Right now, the government is putting forward rules for a filtered Internet under New Zealand law. Changes to the Films, Videos, and Publications Classification Act being considered by Parliament would enable officials to mandate filtering by all New Zealand Internet service providers.
Putin targeted people close to Trump in bid to influence 2020 election, U.S. intelligence says
The Washington Post
Russian President Vladimir Putin and other senior officials in Moscow sought to influence the 2020 election by spreading misleading information about Joe Biden through prominent individuals, some of whom were close to former president Donald Trump, the U.S. intelligence community said in a report Tuesday. While foreign disinformation and interference was a major concern heading into the 2020 campaign, domestic efforts to disrupt the race — including by Trump and his allies — turned out to be of far greater significance.
Facebook's long-awaited content 'supreme court' has arrived. It's a clever sham
Sometimes described as Facebook’s “supreme court”, the oversight board has been met, in the legal and academic worlds, mostly with wonder, excitement and praise. Giving predominantly legal scholars input on the content moderation of the world’s largest social media platform seems like a positive step for social media governance. But behind the gloss, Facebook’s experiment is intended to foster anything but genuine accountability. It is a clever obfuscation offering Facebook cover to engage in socially irresponsible profit-seeking that would be publicly reviled were it more transparent.
Wikipedia Is Finally Asking Big Tech to Pay Up
From the start, Google and Wikipedia have been in a kind of unspoken partnership: Wikipedia produces the information Google serves up in response to user queries, and Google builds up Wikipedia’s reputation as a source of trustworthy information. The two have grown in tandem over the past 20 years, each becoming its own household word. But whereas one mushroomed into a trillion-dollar company, the other has remained a midsize nonprofit, depending on the generosity of individual users, grant-giving foundations, and the Silicon Valley giants themselves to stay afloat. Now Wikipedia is seeking to rebalance its relationships with Google and other big tech firms like Amazon, Facebook, and Apple, whose platforms and virtual assistants lean on Wikipedia as a cost-free virtual crib sheet.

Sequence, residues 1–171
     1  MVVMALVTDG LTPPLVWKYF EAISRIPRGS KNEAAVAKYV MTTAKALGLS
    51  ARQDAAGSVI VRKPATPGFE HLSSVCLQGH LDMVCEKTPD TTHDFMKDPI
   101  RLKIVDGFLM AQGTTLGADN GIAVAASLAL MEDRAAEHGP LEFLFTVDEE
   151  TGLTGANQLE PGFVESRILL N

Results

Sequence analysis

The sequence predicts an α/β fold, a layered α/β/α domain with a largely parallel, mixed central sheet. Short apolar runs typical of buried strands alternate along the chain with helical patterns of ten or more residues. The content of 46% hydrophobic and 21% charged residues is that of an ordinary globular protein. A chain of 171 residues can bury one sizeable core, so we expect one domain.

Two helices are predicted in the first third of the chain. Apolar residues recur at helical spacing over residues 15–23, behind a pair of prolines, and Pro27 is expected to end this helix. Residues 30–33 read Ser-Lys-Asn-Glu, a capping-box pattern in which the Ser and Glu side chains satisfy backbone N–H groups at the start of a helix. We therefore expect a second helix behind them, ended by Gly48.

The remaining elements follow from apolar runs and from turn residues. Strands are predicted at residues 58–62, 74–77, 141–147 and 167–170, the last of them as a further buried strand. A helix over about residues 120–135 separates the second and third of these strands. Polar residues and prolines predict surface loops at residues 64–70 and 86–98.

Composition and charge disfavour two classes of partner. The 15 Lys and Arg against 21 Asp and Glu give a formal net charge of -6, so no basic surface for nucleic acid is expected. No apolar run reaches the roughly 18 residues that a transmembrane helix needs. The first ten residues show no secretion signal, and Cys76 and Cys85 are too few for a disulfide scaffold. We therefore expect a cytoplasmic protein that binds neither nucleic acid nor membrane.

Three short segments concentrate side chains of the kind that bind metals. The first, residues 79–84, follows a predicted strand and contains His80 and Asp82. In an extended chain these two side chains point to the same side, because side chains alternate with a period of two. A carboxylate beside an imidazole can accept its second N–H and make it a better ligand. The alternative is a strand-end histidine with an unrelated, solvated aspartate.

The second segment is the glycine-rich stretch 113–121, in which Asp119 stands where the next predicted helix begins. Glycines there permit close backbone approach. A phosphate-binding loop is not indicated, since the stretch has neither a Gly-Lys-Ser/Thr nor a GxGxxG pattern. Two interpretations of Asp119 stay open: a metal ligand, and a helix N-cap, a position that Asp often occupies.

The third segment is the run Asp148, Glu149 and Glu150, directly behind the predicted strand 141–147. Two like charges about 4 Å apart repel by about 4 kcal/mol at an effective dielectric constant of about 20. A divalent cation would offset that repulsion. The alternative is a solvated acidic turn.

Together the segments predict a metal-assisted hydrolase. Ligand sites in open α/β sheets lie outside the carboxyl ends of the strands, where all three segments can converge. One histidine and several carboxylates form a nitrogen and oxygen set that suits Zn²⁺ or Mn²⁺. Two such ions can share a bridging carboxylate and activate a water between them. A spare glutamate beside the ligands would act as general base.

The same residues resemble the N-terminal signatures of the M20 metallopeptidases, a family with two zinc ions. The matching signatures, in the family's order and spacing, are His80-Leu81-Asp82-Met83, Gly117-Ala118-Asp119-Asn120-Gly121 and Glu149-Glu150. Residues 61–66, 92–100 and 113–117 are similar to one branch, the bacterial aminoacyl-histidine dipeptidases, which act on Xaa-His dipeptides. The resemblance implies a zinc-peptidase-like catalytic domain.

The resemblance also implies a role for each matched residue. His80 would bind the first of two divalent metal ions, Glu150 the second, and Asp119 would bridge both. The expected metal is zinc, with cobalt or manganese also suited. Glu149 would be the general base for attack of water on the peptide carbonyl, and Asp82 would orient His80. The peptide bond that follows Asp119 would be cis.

The Secret Auction that Set Off the Race for AI Supremacy
How the shape of deep learning—and the fate of the tech industry—went up for sale in Harrah's Room 731, on the shores of Lake Tahoe.
TikTok considers introducing group chat feature this year - sources
Video-sharing platform TikTok may launch a group messaging feature this year, people with knowledge of the discussions told Reuters, putting the Chinese-owned app in more direct competition with social media rivals such as Facebook.
Most People Don't Actively Seek to Share Fake News
It’s tempting to conclude that we’re in a “post-truth” world where people are either unable to distinguish fact from fiction or are willfully ignorant and purposefully share falsehoods. This is not an idle curiosity. If true, our democracies are in very big trouble, and perhaps the only option we have is accept (and even beg for) strict censorship of falsehood by social media companies. This may come as a surprise, but new work just published in Nature offers a strong challenge to this view.
ASPI Webinar: Are you ready for the new critical infrastructure law?
With amendments to the Critical Infrastructure Act currently before parliament, impacted industry sectors are racing to get ready. ASPI's International Cyber Policy Centre is delighted to invite you to a panel discussion on 18 March at 4pm where representatives from Home Affairs, the cybersecurity sector and industry will discuss the impact of the changes and answer your questions. Register here.
The Data Visualizations Behind COVID-19 Skepticism
Massachusetts Institute of Technology
How do COVID-19 skeptics use public health data and social media to advocate for reopening the economy and against mask mandates? We studied half a million tweets, over 41,000 visualizations, and spent six months lurking in anti-mask Facebook groups. Here’s what we found.